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Friday, May 3, 2013

Very rare, very original VAX Interceptor roars back to life

This classic VAX Interceptor now looks the way it should.
The original owner bought this 1960 VAX Interceptor "S" in Los Angeles in 1960. He rode 3,000 miles, then parked it, in 1964, with half a tank of gas in it. It sat in a shed with something dripping on it. Until now.

Forty-eight years after this very rare 700cc Royal Enfield Interceptor was parked, it's roaring back to life in a stirring YouTube video posted by the new owner, a Californian named Jeff who purchased it from the family of the original owner.

Not only does it sound great, the VAX Interceptor (so called for the unique letters "VAX" stamped on the motor) now looks fantastic. Jeff and his son Mason (who shot the video) removed half a century of grime and grease to reveal what may be the most original example of a VAX in existence.

They had help.  Says Jeff, “Tony Markus at Gas Tank Lining rescued the original tank using remarkable new techniques, and Tom Robinson at BBC Triumph did the heavy lifting, including oil flow modifications which were beyond my capabilities, but necessary to protect the bike from known issues with these early Interceptors.”

Hitchcocks, Burtons and Jeff’s friends on Yahoo's Royal Enfield Interceptor group provided invaluable information and advice.

The mighty Interceptor looks surprisingly crisp and clean.
Jeff, a stickler for research, shared his research into the history of VAX Interceptors in July  25 and July 27  2012 posts featuring his bike. Most of us think of Interceptors as the last and mightiest Royal Enfields, introduced in 1962 with 750cc (actually 736cc) motors. That's only partly true.

In 1960, Royal Enfield combined their most powerful 700cc (actually 692cc) motor with their best high performance parts to create a new, experimental offroad hotrod designed to meet the demand for powerful scramblers in the U.S.  They called it the “Interceptor.”

"No lights, No mufflers and No speedo. The largest and most powerful vertical Twin in the World," boasted one ad.

However, in creating this "super-potent competition model with snarling power and acceleration,” Royal Enfield soon found that they had produced a beast that only a highly skilled, musclebound rider could tame in the dirt.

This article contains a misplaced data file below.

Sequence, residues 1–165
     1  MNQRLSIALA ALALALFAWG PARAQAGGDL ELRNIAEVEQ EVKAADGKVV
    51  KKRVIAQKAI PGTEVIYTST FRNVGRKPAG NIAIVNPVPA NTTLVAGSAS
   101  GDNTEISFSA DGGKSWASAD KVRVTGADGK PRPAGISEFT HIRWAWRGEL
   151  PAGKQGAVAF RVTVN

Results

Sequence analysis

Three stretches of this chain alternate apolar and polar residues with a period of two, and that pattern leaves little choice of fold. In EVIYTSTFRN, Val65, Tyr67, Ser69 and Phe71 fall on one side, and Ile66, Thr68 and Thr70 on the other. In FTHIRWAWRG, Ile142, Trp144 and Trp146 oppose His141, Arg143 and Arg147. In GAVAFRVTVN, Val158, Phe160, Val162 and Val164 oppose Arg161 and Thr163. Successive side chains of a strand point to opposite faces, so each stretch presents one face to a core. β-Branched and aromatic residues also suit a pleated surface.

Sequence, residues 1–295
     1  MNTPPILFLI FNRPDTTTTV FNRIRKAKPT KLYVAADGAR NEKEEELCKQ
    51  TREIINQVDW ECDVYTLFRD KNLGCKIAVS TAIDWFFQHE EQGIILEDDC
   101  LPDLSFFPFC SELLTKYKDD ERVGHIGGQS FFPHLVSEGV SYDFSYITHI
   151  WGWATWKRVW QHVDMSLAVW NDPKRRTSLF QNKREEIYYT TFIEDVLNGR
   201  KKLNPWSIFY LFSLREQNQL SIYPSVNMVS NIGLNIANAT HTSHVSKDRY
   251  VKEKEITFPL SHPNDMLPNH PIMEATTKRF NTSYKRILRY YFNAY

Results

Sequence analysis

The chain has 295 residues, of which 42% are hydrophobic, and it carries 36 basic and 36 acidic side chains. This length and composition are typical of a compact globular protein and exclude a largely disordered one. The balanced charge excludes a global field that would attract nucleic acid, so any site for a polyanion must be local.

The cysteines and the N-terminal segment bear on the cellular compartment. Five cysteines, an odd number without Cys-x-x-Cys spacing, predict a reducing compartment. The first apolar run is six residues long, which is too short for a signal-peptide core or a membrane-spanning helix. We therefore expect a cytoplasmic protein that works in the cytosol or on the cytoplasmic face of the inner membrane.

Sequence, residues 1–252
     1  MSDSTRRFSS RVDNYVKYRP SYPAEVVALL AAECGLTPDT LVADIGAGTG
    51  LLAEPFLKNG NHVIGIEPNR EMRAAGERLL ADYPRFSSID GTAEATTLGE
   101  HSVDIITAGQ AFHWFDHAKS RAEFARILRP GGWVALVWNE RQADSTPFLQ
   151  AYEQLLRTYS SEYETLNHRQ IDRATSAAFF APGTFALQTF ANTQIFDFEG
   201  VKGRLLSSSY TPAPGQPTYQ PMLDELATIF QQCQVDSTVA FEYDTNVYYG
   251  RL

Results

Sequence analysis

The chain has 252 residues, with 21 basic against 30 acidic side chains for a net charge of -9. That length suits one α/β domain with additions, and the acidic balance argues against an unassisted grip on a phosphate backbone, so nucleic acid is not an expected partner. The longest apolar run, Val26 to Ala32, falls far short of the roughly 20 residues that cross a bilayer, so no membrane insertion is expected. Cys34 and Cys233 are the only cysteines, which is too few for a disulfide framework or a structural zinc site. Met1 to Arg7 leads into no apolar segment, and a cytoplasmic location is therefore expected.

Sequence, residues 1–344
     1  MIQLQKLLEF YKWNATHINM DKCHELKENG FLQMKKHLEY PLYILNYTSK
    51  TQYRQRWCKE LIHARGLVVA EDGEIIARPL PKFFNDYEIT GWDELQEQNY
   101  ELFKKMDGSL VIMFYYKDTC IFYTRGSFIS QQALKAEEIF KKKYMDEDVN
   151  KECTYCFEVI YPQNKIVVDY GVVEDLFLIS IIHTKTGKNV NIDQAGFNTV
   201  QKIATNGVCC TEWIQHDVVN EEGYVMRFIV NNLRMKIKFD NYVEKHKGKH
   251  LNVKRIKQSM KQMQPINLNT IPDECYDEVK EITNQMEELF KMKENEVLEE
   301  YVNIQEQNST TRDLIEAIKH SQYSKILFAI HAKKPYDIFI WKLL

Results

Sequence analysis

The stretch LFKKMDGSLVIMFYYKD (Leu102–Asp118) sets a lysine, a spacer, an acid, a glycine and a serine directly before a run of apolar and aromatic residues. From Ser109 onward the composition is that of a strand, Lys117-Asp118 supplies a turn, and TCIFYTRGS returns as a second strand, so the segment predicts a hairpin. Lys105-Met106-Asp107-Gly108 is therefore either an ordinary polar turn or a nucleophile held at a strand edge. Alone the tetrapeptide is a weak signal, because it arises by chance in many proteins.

With quick-detach lights, the Interceptor could take you anywhere.
Accordingly, Royal Enfield scrambled to introduce a road going “Sports” trim package, with detachable headlight, speedometer, tail light and other modifications, hoping that this new version of the 700cc Interceptor “S” would be more appealing to riders who wished to easily switch between road and off road configuration as the need arose.

Although factory records indicate that no more than 170 VAX Interceptors were manufactured, the VAX Interceptor was no failure. Rather it paved the way for the larger displacement Interceptors to come. Interceptors remain the pinnacle achieved by Royal Enfield before it went out of business in Britain in 1970.

Even sitting still the motor appears to ripple with power.
The few VAX Interceptors made probably lived hard lives, and only a handful are known to survive today.  We know of no museum holding a VAX Interceptor in its collection. While most examples in private collections have been pieced together using parts from various Interceptors, Jeff’s bike is the only complete, unmodified, running VAX we’ve seen.

"It is unmolested, with the original frame, engine and transmission verified by the REOC, and with the original tank, bars, exhaust, toolbox, rims, shocks, speedo, magneto and so on — all parts present and accounted for, with the exception of the toolbox covers. Conveniently, I particularly like the look of the VAX in its scrambler configuration, sans toolbox, as advertised and sold in 1960,” Jeff said.

Period ad showed the 700cc Interceptor without toolboxes.
Jeff plans to keep his VAX as original it can be and still fulfill its mission of providing two-wheeled excitement.

"Interceptors shouldn’t be trailer queens. These bikes were built to ride, and I’ll ride this one, hard,  just as I ride every bike in my collection. She’ll be keeping her hard earned battle scars like the small dents and scratches in the silencers, and I won’t be polishing her hubs or getting her into concourse shape. We’ve just cleaned her up and made repairs where necessary. We had to use some extreme measures to clean 50 years worth of grease, oil and dirt off of the bike, but underneath that gunk, the paint on the frame is in great condition, as is most of the bike."

It does look great. But to appreciate this motorcycle you have to watch (and hear) it in motion. Check out the video.

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